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Sunday, August 26, 2012

What IS Romneycare? And can we possibly afford it?

With the rhetoric flying in every direction in this pre-election season, separating fact from fiction is a daunting task, especially in the complex world  of healthcare delivery and finance.  Figuring that his party's own websites would provide the most favorable take on Mitt Romney's healthcare position, I visited  This is what it says:

"On his first day in office, Mitt Romney will issue an executive order that paves the way for the federal government to issue Obamacare waivers to all fifty states. He will then work with Congress to repeal the full legislation as quickly as possible.
In place of Obamacare, Mitt will pursue policies that give each state the power to craft a health care reform plan that is best for its own citizens. The federal government’s role will be to help markets work by creating a level playing field for competition."
Certainly this is consistent with the Republican platform.  The fix for unemployment: less government.  For the environment: less government.  For energy: less government.  For education:  less government.  
Here are my concerns.  
1.  Policy analysts and experts from many quarters - the Institute of Medicine, National Quality Forum, Institute for Healthcare Improvement, academic centers, various professional societies and others - have weighed in.  To the best of my knowledge, no credible expert has made the claim that "less regulation" is the key to reversing our spiraling healthcare costs.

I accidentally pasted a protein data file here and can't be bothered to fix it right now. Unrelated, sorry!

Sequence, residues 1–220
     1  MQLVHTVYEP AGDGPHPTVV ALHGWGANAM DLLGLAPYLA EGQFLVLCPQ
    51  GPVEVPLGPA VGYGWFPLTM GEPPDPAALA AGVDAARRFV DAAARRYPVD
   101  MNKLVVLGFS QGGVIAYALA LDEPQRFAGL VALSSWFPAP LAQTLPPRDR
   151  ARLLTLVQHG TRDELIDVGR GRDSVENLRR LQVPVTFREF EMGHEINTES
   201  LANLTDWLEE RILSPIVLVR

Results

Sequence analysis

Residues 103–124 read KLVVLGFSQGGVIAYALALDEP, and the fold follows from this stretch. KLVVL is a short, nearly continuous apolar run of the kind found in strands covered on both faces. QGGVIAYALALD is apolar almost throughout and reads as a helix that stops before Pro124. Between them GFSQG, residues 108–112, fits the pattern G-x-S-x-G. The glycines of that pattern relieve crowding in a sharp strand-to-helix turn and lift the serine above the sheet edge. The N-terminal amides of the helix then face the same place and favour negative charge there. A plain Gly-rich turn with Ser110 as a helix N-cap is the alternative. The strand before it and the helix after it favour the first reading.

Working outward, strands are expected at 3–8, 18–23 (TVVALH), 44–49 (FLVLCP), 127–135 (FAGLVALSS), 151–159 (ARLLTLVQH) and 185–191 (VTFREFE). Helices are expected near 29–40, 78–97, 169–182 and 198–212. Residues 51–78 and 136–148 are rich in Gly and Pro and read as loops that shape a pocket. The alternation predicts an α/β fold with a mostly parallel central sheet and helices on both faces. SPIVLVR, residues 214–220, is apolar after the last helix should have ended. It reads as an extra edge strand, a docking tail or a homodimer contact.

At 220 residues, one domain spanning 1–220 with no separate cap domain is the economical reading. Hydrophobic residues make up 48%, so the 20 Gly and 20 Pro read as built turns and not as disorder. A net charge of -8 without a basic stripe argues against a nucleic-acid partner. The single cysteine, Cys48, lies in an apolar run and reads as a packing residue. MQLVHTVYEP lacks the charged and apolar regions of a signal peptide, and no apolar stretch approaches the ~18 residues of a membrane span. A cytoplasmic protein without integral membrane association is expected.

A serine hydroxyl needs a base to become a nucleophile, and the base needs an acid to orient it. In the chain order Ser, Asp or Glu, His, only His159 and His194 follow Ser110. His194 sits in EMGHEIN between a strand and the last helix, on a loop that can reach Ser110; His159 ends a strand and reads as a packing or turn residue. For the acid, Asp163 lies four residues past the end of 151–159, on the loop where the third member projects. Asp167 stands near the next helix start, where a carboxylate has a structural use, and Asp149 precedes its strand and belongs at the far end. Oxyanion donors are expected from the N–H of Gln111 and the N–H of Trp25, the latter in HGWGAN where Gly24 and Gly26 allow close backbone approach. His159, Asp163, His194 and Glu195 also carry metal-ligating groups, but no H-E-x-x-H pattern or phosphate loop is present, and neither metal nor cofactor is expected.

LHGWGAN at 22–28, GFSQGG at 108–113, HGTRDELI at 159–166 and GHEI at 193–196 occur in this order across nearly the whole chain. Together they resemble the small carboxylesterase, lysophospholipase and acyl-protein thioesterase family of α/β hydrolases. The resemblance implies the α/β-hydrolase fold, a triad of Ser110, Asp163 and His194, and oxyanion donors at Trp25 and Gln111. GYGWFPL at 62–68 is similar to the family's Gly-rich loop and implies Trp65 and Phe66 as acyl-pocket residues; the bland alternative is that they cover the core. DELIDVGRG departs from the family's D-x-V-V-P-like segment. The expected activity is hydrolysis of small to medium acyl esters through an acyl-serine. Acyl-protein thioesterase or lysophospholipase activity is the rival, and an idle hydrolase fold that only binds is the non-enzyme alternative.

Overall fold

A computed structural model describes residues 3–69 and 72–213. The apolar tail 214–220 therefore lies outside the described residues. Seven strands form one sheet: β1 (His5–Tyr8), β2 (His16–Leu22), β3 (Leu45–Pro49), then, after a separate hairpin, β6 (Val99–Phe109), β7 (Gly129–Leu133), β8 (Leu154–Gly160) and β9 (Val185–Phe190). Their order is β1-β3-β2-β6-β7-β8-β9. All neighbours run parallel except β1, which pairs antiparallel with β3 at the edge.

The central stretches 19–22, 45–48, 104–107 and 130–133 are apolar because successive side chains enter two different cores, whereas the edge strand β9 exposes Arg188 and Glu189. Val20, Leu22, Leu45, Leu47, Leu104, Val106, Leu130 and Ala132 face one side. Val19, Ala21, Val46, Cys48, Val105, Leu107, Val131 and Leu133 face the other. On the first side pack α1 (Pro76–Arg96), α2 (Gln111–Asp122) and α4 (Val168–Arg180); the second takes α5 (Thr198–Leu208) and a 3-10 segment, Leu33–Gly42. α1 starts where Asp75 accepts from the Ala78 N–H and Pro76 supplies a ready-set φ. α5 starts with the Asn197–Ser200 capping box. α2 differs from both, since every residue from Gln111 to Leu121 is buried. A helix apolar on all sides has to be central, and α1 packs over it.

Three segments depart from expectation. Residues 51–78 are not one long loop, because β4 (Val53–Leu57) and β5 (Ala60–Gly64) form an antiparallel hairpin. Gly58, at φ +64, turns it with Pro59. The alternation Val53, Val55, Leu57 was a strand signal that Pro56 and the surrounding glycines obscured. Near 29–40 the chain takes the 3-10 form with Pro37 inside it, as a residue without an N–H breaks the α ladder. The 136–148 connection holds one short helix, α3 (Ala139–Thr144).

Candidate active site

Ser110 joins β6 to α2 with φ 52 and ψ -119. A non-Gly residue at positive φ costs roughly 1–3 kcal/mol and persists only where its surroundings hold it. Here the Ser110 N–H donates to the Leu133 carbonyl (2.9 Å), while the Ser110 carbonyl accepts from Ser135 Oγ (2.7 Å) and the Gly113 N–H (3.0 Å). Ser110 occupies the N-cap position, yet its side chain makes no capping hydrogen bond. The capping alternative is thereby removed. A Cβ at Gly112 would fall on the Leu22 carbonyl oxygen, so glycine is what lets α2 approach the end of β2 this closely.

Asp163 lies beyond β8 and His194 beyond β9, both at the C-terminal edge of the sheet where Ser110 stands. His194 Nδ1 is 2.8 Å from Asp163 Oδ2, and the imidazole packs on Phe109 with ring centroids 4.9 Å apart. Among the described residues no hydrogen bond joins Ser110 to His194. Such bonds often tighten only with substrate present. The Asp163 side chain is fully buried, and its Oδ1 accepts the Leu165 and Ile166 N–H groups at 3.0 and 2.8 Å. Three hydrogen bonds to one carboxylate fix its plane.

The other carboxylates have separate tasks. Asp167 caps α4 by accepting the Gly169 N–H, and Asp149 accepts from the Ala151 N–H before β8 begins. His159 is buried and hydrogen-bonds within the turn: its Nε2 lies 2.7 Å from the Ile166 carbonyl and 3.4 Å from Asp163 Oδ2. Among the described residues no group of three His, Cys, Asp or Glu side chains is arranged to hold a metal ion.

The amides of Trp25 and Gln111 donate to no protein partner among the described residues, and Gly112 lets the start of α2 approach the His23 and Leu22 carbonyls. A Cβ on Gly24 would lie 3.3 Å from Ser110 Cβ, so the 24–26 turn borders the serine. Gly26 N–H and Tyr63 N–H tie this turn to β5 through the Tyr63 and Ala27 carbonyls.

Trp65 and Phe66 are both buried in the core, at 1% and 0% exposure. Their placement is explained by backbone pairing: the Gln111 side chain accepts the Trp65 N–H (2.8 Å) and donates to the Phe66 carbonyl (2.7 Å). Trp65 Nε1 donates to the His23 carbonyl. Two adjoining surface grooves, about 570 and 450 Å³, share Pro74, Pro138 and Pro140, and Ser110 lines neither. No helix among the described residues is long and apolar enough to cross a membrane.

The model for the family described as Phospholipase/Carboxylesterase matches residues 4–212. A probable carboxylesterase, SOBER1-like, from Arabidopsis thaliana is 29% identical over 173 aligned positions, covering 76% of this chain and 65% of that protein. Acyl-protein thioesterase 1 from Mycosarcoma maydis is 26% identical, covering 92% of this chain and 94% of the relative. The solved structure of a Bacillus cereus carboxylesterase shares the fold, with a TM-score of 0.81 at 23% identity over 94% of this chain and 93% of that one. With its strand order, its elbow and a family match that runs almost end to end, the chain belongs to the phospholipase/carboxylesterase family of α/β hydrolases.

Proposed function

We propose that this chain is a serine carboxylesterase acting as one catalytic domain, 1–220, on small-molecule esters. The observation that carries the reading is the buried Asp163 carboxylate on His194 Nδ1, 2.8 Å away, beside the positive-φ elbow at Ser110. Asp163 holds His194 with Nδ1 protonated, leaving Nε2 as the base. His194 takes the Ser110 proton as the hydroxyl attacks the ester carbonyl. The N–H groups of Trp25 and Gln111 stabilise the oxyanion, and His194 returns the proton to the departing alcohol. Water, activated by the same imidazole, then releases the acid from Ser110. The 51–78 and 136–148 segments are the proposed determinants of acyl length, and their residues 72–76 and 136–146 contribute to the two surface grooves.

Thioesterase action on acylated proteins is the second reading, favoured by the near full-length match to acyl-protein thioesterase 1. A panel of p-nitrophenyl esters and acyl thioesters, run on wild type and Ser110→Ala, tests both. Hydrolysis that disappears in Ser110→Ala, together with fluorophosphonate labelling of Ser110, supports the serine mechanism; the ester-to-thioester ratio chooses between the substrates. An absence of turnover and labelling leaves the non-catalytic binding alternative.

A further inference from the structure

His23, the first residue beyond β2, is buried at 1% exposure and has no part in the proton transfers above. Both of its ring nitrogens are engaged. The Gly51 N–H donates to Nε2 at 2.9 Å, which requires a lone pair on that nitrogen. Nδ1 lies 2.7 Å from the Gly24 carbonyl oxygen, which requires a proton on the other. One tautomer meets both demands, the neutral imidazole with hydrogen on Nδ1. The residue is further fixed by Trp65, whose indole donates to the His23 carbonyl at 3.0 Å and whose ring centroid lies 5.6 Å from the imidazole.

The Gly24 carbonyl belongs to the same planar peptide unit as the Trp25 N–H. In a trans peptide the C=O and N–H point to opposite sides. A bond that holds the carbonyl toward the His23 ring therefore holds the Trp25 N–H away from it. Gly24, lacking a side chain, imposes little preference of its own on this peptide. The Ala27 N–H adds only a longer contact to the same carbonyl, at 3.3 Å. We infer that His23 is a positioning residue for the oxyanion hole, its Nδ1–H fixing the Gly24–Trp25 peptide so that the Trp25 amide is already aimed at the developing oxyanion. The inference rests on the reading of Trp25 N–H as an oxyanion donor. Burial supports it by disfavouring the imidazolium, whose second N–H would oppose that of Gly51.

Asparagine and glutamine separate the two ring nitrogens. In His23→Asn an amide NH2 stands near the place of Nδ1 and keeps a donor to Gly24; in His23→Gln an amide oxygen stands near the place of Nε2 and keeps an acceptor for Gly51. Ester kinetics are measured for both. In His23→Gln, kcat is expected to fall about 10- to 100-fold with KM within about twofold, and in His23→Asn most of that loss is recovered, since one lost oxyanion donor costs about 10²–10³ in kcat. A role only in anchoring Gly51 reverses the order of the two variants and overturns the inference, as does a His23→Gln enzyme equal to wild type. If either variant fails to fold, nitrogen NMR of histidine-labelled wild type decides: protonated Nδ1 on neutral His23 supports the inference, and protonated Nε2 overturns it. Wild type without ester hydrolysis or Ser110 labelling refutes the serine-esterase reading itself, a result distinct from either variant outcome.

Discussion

2. As we all know by now, the US pays more for healthcare than any other nation in the industrialized West with poorer outcomes than most.  Now, how many of these more successful nations provide examples of the Romney philosophy succeeding in reducing cost and improving quality?  Answer: none.
3. The Romney philosophy fails on the level of principle.  The unsustainable hyper complexity of the private market has been a part of the problem; it can't also be the solution.  So has a fee-for-service market that pays for interventions rather than outcomes.  The predictable result has been a vicious cycle of "more" - more tests, more images, more operations, more hospital admissions - more than are good for us and more than the best medical scientists recommend.  
Mitt ought to have asked some doctors.  Believe me, we understand over-regulation.  But in the doc's Main Street office, it's not "gumment"  that's the bogeyman.  Talk to the staff - multiple individuals in each office - who spend all day, every day interacting with multiple insurance companies (the folks that Mitt is counting on to fix the problem).  Each one has its own separate rules.  What tests require "pre-authorization" (by a clerk).  What antibiotic your doc can order.  What screening tests you can have.  And every time any insurer says "yes" to anything, it is eroding its own profit structure and harming its shareholders.  This conflict of interest is not theoretical.  Your doc feels it.  Every day.
Free markets work exceedingly well in so many areas of our economy.   But even the framers of our Constitution favored public libraries; and (public) fire departments were established in Colonial America to serve the common good.  Romney-style private competition as mis-applied to our national healthcare system not only leaves unperturbed the cycle of spending, complication, quality problems and waste, but worse yet throws gasoline on the conflagration.  Cooler heads must prevail.  
[DISCLAIMER:  the foregoing comments are the private views of the author and not necessarily those of Huntington Hospital or the North Shore LIJ Health System.]

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